The difficulties for small and medium enterprises (SMEs) accessing traditional trade finance products, specifically in emerging markets, is well known. Could blockchain technology help solve the SME exclusion problem in the trade finance space?
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Bridging the SME Gap with Blockchain? Some Banks Think It’s Possible
According to the World Bank, the international financial institution that lends money to countries for capital projects, the credit gap for SMEs is currently estimated to be a whopping $2.6 trillion USD. Likewise, the institution also posits that 70 percent of trade finance requests by SMEs are turned down, with Asian SMEs facing the majority of the rejections.
With a ripeness for innovation in the sector, a number of private and public enterprises in Asia are riding the blockchain wave to narrow the huge trade finance gap.
The latest of these riders is a consortium of major Indian banks — comprised of both private and public sector lenders — that is set to launch a blockchain funding system aimed to make it easier to facilitate SME financing.
The participating banks include ICICI Bank, HDFC Bank, Yes Bank, Kotak Mahindra Bank, Standard Chartered Bank, Axis Bank, South Indian Bank, and RBL Bank. External members of the consortium are Bank of Baroda, State Bank of India, and IndusInd Bank.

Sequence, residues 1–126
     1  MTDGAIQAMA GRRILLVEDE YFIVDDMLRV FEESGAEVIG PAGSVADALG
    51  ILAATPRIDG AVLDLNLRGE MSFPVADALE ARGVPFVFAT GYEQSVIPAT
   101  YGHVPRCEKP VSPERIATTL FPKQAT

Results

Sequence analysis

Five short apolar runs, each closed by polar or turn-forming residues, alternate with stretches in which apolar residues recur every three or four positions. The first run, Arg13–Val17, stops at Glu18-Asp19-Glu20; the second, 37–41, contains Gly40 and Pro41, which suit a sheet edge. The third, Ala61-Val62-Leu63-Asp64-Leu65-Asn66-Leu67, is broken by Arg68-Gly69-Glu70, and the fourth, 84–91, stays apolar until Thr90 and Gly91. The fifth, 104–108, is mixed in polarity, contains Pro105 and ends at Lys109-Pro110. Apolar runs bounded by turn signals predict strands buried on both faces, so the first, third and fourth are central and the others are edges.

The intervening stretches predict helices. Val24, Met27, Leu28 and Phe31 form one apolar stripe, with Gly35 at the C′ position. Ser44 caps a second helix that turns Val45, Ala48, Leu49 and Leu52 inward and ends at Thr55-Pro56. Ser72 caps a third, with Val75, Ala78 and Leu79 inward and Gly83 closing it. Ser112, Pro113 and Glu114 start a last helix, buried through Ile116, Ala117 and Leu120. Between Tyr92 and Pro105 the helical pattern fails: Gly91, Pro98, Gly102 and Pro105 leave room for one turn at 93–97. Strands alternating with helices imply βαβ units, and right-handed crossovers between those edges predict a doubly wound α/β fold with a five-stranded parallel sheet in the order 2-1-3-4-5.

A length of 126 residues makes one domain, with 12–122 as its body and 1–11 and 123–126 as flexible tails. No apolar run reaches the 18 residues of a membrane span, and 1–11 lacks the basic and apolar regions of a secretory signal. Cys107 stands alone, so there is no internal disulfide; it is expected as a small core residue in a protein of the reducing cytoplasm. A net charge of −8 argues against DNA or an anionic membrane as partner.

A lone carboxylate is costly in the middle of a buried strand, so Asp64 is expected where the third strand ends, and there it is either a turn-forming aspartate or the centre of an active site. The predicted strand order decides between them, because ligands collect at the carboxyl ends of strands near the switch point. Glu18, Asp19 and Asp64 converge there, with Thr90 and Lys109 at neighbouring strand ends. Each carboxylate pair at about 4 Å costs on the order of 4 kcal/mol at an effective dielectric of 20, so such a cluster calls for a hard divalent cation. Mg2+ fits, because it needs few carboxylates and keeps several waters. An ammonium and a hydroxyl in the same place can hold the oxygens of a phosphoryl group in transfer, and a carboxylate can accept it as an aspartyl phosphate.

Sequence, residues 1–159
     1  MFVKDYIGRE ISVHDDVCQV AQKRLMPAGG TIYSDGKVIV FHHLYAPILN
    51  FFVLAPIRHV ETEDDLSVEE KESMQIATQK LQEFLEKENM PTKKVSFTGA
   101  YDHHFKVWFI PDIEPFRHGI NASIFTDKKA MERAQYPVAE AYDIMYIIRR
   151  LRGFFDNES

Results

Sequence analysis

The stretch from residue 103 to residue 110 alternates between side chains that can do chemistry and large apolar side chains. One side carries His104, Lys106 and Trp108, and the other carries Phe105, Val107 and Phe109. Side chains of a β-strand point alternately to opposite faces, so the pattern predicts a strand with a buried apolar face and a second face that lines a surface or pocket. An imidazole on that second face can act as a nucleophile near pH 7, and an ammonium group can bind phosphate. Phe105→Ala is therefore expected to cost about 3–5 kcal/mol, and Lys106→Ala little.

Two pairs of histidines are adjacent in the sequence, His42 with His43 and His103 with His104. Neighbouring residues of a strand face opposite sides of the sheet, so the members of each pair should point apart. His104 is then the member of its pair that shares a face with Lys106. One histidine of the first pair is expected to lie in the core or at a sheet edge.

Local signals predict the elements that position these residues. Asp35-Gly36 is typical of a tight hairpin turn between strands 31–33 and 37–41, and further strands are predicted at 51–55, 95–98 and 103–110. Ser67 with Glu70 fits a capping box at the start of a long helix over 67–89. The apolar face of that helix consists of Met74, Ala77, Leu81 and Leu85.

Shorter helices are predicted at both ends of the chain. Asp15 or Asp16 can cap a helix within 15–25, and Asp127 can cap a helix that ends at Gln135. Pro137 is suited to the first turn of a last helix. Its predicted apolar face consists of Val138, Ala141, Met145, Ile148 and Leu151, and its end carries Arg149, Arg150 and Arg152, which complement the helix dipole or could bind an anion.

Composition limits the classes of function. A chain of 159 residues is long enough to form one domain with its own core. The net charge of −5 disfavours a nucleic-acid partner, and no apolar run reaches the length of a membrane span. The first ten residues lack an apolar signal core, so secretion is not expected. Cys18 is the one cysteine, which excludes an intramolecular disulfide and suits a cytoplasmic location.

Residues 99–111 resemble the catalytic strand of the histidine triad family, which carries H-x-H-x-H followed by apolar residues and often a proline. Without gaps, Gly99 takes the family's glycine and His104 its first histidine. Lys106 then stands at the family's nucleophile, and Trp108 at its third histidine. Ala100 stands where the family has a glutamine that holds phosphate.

By using blockchain technology, the consortium aims to bring SMEs into the formal trade finance system by building tailored infrastructure and by increasing transparency in its entire system by onboarding all stakeholders on to a single platform.
However, the report does not outline the proposed time of the system’s launch and the technicalities of the platform.
Global Blockchain Trade Finance Efforts
Last year, similar efforts were made by the central bank of Hong Kong, the Hong Kong Monetary Authority (HKMA), which launched a blockchain-powered platform dubbed eTradeConnect in a bid to solve the financial inclusion problem by connecting banks and SMEs on a single platform.
The Abu Dhabi Global Market, an international financial center in the capital city of the United Arab Emirates, partnered with the aforementioned HKMA and Singapore’s central bank to develop a blockchain-powered cross border trade finance platform that would offer SMEs greater access to traditional banking.
However, going forward the piloters are likely to face some major challenges, including adoption difficulties and slow development. Even with the potential of blockchain, many enterprises are still mulling whether the tech is right for them. As such, it will likely take a good bit of time before blockchain can directly benefit SMEs.
But there’s hope. Last year, Global tech innovator IBM successfully piloted a blockchain-based micro-lending platform to help farmers and small businesses gain access to capital more easily.
Can blockchain technology solve the SME financial inclusion problem? Share your views in the comments section.
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